Defending Armenia from Turkic Aggression
Similar to defending Ukraine, Washington should take steps to prevent Turkic aggression against a sovereign state and strategic partner.
President Joe Biden’s decision on April 24, 2021, to recognize the murder and expulsion of up to 1.5 million Armenians from Turkey as “genocide” was welcome and overdue. However, Secretary of State Antony Blinken gave a gift to Turkey’s brethren in Azerbaijan forty-eight hours later, issuing a national security waiver to Section 907 of the Freedom Support Act. Section 907 bans direct U.S. aid to the Azerbaijani government because of its aggression against Armenians.
Biden and Blinken should have known better; appeasement does not work.
Turkey and Azerbaijan have once again launched an unprovoked attack against Armenia. The New York Times noted, “For the first time in 30 years of a largely frozen conflict over the disputed territory of Nagorno-Karabakh and surrounding districts, Azerbaijan attacked Armenian air defense and artillery systems based inside Armenia.” Heavy fire was reported inside Armenia, targeting civilian homes and infrastructure, despite Turkish and Azerbaijani denials and attempts to shift blame.
This kind of behavior is not new for Turkey’s President Tayyip Erdogan, who has launched cross-border operations to establish a zone of Turkish influence in former Ottoman territories. Erdogan has pursued a neo-Ottoman agenda by targeting Kurds in Syria and Iraq, deploying troops to Libya and the eastern Mediterranean, and using Azerbaijan as a proxy for the ethnic cleansing of Armenians in Nagorno-Karabakh.
The United States has reacted by suspending Turkey from the F-35 stealth fighter program. However, Washington did not implement the sanctions required through the Countering American Adversaries Through Sanctions Act (CATSA), a 2017 U.S. federal law that overwhelmingly passed the Senate 98-2 and the House 419-3. Instead of suspending its purchase of S-400 missiles from Russia, Turkey doubled down and bought more missiles from Moscow.
Additionally, Turkey broke with NATO by refusing to impose sanctions on Russia for its aggression against Ukraine. Turkey helps Russian oligarchs avoid U.S. and EU sanctions. The Biden administration turns a blind eye to Turkey’s domestic human rights abuses and warmongering, hoping that Turkey can play a constructive mediation role.
Azerbaijan is a Turkic country that treats Turkey, its “big brother,” with fealty. In 2020, Azerbaijan attacked Nagorno-Karabakh (“Artsakh” in Armenian) and committed crimes—including mistreating prisoners of war in ways that violate the Geneva Conventions—and cultural genocide, targeting Armenian Orthodox churches and religious icons.
The international community subcontracted peace operations to Russia and, in so doing, undermined prospects for peace itself. America’s laisser-faire approach also undermines the Minsk Group of the Organization for Security and Cooperation in Europe, which is tasked with mediating the conflict. The recent appointment of Philip Reeker, a seasoned diplomat, as U.S. co-chair of the Minsk Group, is a good move that could revitalize international mediation.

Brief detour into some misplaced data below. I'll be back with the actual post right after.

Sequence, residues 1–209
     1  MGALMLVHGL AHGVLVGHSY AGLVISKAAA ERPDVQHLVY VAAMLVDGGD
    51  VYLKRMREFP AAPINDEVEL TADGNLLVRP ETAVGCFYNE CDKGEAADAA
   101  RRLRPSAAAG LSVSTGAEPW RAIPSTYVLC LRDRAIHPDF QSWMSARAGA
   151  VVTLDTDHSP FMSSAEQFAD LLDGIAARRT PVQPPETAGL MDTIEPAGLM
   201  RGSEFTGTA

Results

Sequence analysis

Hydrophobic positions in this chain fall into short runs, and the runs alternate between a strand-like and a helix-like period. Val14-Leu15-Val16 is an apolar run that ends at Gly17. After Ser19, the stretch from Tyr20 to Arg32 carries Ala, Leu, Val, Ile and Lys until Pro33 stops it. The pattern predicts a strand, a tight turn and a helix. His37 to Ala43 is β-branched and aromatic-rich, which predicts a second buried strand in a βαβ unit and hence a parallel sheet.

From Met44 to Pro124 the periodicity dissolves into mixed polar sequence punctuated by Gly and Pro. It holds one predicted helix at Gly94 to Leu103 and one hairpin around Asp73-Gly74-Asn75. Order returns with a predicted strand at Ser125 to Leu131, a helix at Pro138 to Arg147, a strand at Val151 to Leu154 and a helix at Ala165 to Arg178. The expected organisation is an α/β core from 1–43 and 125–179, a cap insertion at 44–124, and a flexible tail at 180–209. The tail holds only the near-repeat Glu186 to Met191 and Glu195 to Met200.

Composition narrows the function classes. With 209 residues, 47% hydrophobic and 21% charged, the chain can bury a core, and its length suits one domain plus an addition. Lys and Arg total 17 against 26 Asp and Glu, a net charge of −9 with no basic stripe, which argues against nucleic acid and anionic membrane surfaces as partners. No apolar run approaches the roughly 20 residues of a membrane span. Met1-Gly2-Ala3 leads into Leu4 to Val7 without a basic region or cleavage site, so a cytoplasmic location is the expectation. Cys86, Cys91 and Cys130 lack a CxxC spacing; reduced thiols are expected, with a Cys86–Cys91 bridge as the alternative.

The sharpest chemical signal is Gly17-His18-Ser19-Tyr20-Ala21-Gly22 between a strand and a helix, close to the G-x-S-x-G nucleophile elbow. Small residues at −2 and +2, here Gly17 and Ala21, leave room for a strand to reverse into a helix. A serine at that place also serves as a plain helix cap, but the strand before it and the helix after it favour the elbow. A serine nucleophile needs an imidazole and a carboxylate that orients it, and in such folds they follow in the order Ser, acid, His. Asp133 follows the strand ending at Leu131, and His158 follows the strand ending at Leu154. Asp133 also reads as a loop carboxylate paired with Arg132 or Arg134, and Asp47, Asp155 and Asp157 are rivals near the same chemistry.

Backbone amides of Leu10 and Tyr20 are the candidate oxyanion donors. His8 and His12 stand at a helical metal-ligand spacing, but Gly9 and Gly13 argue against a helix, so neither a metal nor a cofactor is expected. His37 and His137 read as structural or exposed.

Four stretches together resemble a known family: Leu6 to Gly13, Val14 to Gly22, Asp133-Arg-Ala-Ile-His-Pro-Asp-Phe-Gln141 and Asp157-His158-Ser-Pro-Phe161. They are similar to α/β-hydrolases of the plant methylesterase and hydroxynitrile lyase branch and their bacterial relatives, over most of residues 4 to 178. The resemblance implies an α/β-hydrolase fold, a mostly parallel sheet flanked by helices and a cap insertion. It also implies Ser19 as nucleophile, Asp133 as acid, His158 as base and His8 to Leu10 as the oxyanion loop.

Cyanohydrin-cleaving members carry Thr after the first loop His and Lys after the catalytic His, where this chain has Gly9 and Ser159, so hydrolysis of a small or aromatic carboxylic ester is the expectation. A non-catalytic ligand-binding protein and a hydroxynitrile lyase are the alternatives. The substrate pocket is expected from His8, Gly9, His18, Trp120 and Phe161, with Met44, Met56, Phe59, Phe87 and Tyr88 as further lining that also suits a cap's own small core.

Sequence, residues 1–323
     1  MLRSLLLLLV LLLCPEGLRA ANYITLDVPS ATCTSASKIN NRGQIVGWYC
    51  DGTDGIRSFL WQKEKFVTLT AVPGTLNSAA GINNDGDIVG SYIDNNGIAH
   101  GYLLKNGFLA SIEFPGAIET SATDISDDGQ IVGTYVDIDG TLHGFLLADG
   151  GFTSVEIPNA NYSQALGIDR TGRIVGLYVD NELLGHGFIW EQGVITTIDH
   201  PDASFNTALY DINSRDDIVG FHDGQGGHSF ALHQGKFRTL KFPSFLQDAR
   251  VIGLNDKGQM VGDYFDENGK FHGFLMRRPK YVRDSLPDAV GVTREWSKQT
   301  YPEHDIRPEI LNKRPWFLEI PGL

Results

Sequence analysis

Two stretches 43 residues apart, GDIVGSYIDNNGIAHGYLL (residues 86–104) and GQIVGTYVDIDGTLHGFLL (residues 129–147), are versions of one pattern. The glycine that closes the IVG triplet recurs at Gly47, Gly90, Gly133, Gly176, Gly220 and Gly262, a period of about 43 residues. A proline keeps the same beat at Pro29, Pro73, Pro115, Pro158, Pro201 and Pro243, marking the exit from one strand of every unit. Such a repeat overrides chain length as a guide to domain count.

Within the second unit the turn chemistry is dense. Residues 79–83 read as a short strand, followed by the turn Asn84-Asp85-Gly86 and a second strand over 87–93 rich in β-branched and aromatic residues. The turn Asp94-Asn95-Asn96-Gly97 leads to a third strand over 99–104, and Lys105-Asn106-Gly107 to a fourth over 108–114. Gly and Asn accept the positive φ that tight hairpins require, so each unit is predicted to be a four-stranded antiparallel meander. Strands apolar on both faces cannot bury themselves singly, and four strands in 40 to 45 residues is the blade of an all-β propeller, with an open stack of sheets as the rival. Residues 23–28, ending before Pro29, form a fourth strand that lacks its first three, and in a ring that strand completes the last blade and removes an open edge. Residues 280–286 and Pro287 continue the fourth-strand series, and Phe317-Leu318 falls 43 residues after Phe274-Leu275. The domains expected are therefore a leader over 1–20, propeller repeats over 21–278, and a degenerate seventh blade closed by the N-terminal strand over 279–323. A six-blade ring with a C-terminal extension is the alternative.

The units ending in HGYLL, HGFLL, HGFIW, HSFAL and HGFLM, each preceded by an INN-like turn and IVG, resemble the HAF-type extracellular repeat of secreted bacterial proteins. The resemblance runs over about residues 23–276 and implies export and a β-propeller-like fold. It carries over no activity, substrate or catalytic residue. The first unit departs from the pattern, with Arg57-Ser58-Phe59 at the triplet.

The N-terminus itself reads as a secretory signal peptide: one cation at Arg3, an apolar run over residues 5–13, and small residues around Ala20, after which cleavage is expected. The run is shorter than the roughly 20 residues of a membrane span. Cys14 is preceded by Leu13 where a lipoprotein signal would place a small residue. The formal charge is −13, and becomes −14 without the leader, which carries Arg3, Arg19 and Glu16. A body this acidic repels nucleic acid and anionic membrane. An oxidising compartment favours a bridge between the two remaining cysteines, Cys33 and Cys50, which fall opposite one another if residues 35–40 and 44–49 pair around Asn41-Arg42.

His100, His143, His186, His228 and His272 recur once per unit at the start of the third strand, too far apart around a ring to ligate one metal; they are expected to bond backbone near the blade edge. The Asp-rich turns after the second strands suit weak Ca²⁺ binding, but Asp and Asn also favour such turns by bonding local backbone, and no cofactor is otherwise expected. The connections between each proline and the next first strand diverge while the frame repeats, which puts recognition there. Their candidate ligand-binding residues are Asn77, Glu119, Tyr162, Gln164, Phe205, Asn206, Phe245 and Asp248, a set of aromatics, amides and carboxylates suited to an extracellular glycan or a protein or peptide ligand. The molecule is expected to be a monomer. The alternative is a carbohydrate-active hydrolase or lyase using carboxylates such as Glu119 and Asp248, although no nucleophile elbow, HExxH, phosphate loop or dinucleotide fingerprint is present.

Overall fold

The United States criticized Azerbaijan’s recent attacks on Armenia proper, but words mean little to Azerbaijan’s President Ilham Aliyev. With Turkey’s backing and Turkish weapons, Aliyev believes he can aggress against Armenians without consequence.
In fact, the United States has rewarded Azerbaijan’s aggression. The West has turned to Azerbaijan, Venezuela, and Iran to fill the gap in energy supplies from Russia’s decision to shut down the Nordstream II pipeline. Ukraine is Biden’s top priority, trumping other concerns including human rights.
Azerbaijan must pay a price for attacking a sovereign state in violation of international law. The Biden administration can get Aliyev’s attention by rescinding its waiver of Section 907.
Bipartisan legislation introduced by Congressman Adam Schiff (D-CA) and the Congressional Caucus on Armenian Issues condemns Azerbaijan’s unprovoked attacks on Armenia and Nagorno-Karabakh and calls for an “immediate and unconditional ceasefire.” It also requires ending all assistance to Azerbaijan whose aggression is an attempt to eliminate the centuries-old Christian presence of Armenians in the Caucasus. Speaker Nancy Pelosi (D-CA) will travel to Armenia this weekend to show support.
Objective observers of the region are bewildered by the Biden administration’s mixed messages on Turkey and Azerbaijan. No doubt Armenian Americans will vent their displeasure during the midterm elections unless Biden takes meaningful steps in reacting to Azerbaijan’s aggression.
A robust response starts with rescinding the waiver of Section 907 and significantly increasing U.S. aid and presence in Armenia and Nagorno-Karabakh to protect democratic Armenia. Similar to defending Ukraine, Washington should take steps to prevent Turkic aggression against a sovereign state and strategic partner.
David L. Phillips is Director of the Program on Peacebuilding and Human Rights at Columbia University’s Institute for the Study of Human Rights. He served as a Senior Adviser and Foreign Affairs Expert during the Clinton, Bush, and Obama administrations.